''How many obnoxious Chinamen have you met, other than myself?'' Richard Ling asks, deliberately using the old racist epithet to drive home his point -- not only that he is obnoxious, a matter of pride to the outspoken Bay Street lawyer, but also that there are far too few Chinese Torontonians like him.
The typical spokesman for the Chinese community "is always the person who is non-confrontational and doesn't have a lot to say," Mr. Ling complains, adding that the mainstream establishment likes it that way. "They would rather look for King Chinaman the gatekeeper than deal with the rest of us as individuals."
But the result of the traditional quiescence, according to both Mr. Ling and several like-minded iconoclasts, is an anodyne image of the local Chinese community as universally successful, self-sufficient and settled down. In fact, he says, the "invisible walls" that confront all immigrant communities still separate local Chinese from the mainstream. And increasingly, he and other activists warn, such barriers disguise the reality of a community beset by serious challenges.
Most of the overseas capital that floated the buoyant immigration from pre-1997 Hong Kong has disappeared from Toronto and gone back to work in the new China, sucking purchasing power out of the local Chinese community and making times tough for the remaining immigrant entrepreneurs.
Meanwhile, the educated mainland Chinese migrants who have recently replaced the departed Hong Kongers are falling into low-wage job ghettos as confining as any known since the days of the notorious head tax and exclusion acts, putting their degrees to work washing dishes and watching their dreams slip away. And it's time, the obnoxious minority contends, that more people started talking about it.
There was no such talk this side of the invisible wall when Geng Chaohui, an unemployed engineer with two young children, jumped from the balcony of his 12th-floor Scarborough apartment last summer in despair over his failure to find work in Canada.
Nor did the non-Chinese world notice when Tony Wong, freshman MPP from Markham, held a dinner to raise funds for the education of Mr. Geng's two daughters -- one three years old, one six months.
Although it raised $30,000, the event also served to remind that Mr. Wong is all alone in highlighting such issues: He's Ontario's only Chinese-Canadian MPP -- the only Chinese representative from Ontario sitting in any Canadian legislature, for that matter.
"At least I'm here," Mr. Wong says, acknowledging the difficulty of representing more than 400,000 citizens from the back benches of the governing Liberal Party. "There's a big difference between one and zero."
The same arithmetic occurs on the local level: Olivia Chow is the only person of Chinese descent among the 44 members of Toronto City Council, and Alex Chiu is alone among 12 councillors in Markham, where half the population is ethnic Chinese. There are no sitting Chinese politicians in either Richmond Hill or Mississauga, suburbs with heavy concentrations of ethnic Chinese citizens.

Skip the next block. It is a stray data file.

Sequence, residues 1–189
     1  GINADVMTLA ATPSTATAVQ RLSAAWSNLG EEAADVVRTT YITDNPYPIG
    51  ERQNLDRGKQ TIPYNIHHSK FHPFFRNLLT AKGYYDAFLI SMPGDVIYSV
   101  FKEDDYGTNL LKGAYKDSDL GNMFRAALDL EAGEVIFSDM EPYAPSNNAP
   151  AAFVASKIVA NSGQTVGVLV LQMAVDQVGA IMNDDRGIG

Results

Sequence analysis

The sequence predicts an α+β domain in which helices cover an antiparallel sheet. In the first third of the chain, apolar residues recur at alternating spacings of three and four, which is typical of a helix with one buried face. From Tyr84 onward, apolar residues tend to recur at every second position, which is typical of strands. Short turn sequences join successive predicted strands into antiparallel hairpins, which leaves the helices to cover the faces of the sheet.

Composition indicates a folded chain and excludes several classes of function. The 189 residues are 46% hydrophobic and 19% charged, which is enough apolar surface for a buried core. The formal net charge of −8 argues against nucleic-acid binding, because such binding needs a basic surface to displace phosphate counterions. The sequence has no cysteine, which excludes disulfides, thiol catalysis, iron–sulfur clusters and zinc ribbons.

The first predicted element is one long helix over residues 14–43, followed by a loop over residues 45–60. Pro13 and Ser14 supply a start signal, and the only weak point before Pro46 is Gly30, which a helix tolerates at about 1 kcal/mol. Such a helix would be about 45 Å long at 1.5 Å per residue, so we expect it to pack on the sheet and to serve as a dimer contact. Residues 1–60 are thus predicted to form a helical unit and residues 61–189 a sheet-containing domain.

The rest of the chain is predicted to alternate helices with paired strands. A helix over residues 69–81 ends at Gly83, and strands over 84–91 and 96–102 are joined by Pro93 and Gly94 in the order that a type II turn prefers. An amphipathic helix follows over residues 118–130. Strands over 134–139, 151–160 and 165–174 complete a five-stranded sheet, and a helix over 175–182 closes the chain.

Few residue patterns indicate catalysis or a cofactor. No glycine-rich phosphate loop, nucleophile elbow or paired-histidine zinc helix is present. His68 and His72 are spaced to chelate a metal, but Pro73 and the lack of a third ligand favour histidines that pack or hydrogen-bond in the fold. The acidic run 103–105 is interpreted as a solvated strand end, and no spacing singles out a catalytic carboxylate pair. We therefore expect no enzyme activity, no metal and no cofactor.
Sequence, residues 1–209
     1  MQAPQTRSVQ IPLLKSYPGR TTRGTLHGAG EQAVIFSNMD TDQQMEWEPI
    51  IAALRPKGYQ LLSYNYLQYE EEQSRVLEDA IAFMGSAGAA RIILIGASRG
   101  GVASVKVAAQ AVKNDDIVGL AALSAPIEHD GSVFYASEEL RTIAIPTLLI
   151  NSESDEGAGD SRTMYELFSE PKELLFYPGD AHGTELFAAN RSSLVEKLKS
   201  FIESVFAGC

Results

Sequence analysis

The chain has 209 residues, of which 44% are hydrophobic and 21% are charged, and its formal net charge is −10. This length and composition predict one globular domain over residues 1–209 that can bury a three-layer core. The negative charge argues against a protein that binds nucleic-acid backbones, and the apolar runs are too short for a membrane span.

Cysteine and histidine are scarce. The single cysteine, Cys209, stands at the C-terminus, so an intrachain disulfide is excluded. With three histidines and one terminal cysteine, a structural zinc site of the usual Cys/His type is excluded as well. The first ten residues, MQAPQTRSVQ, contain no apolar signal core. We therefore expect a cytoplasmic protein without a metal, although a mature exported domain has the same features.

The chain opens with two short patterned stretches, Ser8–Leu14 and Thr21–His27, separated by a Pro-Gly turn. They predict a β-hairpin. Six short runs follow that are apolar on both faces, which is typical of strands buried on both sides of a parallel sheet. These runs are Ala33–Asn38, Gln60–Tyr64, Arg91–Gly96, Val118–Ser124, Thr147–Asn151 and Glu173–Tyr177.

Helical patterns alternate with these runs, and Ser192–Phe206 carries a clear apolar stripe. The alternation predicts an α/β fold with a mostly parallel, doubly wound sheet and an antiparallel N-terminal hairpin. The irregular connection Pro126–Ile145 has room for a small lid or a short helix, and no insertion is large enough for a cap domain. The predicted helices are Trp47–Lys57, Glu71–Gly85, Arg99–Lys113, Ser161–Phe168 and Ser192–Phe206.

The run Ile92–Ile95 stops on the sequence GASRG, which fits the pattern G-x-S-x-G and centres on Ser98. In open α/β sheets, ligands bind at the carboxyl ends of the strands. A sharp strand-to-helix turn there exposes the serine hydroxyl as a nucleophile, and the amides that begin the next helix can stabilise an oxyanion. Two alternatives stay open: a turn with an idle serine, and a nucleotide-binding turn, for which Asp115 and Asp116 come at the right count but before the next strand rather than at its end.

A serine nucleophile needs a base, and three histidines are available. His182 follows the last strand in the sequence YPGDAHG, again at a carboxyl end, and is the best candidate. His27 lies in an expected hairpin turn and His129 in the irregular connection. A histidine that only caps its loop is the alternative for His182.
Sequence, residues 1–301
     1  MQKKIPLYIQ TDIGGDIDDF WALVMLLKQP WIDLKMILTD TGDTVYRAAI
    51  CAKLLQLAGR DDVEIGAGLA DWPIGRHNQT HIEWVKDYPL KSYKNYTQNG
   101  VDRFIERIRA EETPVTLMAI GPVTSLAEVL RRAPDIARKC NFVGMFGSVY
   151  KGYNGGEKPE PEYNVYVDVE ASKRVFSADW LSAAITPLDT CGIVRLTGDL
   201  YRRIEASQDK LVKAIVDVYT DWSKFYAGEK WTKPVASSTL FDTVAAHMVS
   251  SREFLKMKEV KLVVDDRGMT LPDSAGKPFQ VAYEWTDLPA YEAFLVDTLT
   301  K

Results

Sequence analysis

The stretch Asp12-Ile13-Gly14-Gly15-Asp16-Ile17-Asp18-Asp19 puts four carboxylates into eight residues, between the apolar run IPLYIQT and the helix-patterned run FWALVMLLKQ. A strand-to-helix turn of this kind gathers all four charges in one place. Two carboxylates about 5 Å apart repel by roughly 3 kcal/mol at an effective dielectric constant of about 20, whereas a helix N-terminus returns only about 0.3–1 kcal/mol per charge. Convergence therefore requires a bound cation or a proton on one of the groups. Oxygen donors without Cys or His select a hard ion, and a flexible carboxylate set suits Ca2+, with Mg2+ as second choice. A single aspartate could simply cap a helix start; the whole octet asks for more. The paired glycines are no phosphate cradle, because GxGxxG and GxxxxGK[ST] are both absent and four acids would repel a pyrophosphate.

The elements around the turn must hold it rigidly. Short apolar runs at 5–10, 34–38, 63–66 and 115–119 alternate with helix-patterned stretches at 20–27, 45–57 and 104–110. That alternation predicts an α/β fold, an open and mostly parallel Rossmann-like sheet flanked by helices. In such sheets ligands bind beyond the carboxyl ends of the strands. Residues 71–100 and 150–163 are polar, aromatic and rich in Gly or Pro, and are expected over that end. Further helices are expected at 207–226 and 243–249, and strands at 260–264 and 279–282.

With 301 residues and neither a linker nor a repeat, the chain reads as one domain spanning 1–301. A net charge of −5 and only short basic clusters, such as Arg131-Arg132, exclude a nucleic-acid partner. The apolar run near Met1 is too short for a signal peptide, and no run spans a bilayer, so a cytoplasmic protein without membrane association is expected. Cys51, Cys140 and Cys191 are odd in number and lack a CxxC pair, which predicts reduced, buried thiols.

In comparison with other ethnic and visible-minority groups, the largest of them all -- with more than 400,000 members, making up 10 per cent of the total population of Greater Toronto -- is astoundingly underrepresented in local politics. Here, the walls are invisible but palpable.
The community's enduring political isolation partly reflects Chinese culture and the foreignness of Western political conventions, according to Ms. Chow. "There's a very distinct, Eastern-versus-Western division on what democracy and political culture is all about," she says.
One result is the community's resistance to practising the "identity politics" that has traditionally enabled minority groups to gain a share of power. Ms. Chow knows that well: She narrowly lost her bid to enter the House of Commons last June when she failed to carry the city's traditional Chinatown, the heart of the Trinity-Spadina riding, which voted solidly for Liberal incumbent Tony Ianno.
Ms. Chow blames her loss partly on support that Mr. Ianno enjoyed from conservative pro-Beijing community groups, claiming that they turned against her when she presided at a memorial event for victims of the Tiananmen massacre.
But ideology is not all that suppresses Chinese voices. Mr. Ling, who describes himself as an Attila the Hun right-winger but nonetheless admires Ms. Chow's mouthiness on behalf of socialist causes, expresses equal scorn for the "don't rock the boat" mentality typical of those who claim to represent the Chinese community. "Unless the Chinese community is able to produce captains of industry and finance, it will never be truly represented," says Mr. Ling, who came to Canada from Hong Kong as a 17-year-old student in the 1960s. But rather than producing such leaders, he adds, Toronto is driving them away.
For Mr. Ling, one "defining moment" occurred when he attempted to organize a fundraiser for former provincial Liberal Party leader Lyn McLeod on behalf of the most influential Hong Kong investors then residing in Toronto, only to be told that the leader would not attend and the party would dissociate itself from the effort.